Acupuncture: Everything you need to know before you try it

Find out the science behind it and the risks involved.

Mercey Livingston CNET Contributor
Mercey Livingston is a health and wellness writer and certified Integrative Nutrition Health Coach. She's written about fitness and wellness for Well+Good, Women's Health, Business Insider, and Prevention.com among others. When not writing, she enjoys reading and trying out workout classes all over New York City.
Mercey Livingston
5 min read

Acupuncture is an ancient practice that involves inserting thin needles into the skin in strategic areas.

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In the world of modern wellness, there's a spectrum that most popular trends fall under -- you have the "woo-woo" on one end and tried-and-true, science-backed practices on the other. There's also a gray area in between, which is where acupuncture fits.

Acupuncture is an ancient practice of inserting the end of a thin needle into your body to relieve pain, reduce stress and provide other health benefits. While there is mixed evidence on whether or not it works, even the most skeptical people may find relief from a practice that dates back to ancient history with roots in traditional Chinese medicine. And even though Western and Eastern medicine practices may disagree on exactly how acupuncture works -- it's said to help lots of people deal with pain, stress, hormonal imbalances and migraines among other issues.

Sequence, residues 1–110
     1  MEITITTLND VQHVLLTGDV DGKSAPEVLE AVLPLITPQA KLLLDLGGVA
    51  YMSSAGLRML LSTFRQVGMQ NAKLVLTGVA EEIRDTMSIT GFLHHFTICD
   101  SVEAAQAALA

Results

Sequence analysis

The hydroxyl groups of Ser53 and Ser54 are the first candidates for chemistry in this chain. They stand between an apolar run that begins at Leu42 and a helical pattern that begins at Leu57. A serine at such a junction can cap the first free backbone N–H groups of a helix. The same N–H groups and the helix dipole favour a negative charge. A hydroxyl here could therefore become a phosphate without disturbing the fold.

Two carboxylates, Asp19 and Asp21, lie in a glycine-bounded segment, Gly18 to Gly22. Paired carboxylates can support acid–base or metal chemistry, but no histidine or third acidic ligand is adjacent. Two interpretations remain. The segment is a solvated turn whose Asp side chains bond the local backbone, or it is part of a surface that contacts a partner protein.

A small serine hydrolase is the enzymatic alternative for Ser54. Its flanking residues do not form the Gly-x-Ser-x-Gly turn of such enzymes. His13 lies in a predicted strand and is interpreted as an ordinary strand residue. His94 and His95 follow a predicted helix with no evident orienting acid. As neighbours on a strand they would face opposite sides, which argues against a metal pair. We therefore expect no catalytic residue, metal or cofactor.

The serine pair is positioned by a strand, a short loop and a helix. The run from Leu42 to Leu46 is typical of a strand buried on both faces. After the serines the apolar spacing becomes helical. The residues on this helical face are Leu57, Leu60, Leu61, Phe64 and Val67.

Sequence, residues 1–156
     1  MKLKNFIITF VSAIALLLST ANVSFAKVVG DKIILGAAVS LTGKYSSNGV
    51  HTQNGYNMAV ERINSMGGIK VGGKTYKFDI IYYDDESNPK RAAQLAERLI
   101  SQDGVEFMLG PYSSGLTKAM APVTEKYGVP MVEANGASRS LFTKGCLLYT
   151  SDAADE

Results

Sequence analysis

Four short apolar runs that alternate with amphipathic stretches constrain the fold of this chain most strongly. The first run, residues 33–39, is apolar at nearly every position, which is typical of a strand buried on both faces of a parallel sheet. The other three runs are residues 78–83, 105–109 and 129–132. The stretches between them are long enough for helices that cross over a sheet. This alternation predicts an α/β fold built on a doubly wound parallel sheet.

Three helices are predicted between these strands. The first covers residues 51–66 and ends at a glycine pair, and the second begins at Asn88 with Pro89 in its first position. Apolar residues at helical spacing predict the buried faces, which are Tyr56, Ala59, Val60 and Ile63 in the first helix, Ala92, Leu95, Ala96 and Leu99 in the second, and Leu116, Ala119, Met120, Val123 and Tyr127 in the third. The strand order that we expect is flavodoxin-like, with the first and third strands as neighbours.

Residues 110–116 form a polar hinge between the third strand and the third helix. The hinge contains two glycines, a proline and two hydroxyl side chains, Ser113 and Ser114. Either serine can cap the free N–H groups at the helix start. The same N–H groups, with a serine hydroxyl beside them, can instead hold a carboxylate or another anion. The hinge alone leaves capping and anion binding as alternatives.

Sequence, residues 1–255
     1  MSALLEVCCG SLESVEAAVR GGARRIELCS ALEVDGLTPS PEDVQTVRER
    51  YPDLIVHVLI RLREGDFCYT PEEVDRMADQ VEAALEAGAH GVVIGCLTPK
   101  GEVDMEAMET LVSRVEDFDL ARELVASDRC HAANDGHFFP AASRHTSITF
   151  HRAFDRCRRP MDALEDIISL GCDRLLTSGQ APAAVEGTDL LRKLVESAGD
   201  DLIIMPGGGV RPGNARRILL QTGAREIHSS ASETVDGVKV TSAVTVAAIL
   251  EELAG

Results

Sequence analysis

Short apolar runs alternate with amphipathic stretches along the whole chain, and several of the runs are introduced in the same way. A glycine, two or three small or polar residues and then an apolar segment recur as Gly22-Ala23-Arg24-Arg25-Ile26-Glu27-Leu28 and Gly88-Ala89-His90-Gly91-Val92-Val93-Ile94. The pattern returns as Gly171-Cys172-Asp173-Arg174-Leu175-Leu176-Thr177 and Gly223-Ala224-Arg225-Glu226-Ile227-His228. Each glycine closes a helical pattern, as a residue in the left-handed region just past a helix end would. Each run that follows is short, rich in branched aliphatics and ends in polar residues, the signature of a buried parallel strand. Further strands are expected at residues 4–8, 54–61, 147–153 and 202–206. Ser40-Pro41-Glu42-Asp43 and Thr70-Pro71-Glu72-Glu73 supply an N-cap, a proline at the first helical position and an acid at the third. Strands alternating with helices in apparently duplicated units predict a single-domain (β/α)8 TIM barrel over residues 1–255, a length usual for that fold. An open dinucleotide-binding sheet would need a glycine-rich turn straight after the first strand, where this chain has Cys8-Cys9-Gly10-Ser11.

What's interesting about acupuncture, is that it's truly endured the test of time -- people keep coming back to it despite every other kind of treatment that's been invented for pain management. "Acupuncture has withstood the test of time and gained momentum over the years because of its positive results and lack of harmful side effects," said Gabriel Sher, a licensed and board-certified acupuncturist and the director of Acupuncture at Ora in New York City.

If you're curious about trying acupuncture, keep reading to find out more about the potential benefits, risks, and other tips you need to know before your first session.


Acupuncture is a popular practice, but it's been around for thousands of years and has roots in Chinese medicine.

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What is acupuncture?

"Acupuncture is a traditional Chinese medicine practice that originated thousands of years ago. Acupuncturists insert thin needles into the skin at specific points in the body in order to balance the flow of "Qi" – the energy flow in the body," Sher says. The idea is that Qi (pronounced "chee") travels along paths (or meridians) in your body. Acupuncture points sit along these meridians and stimulating them is said to balance the flow of Qi.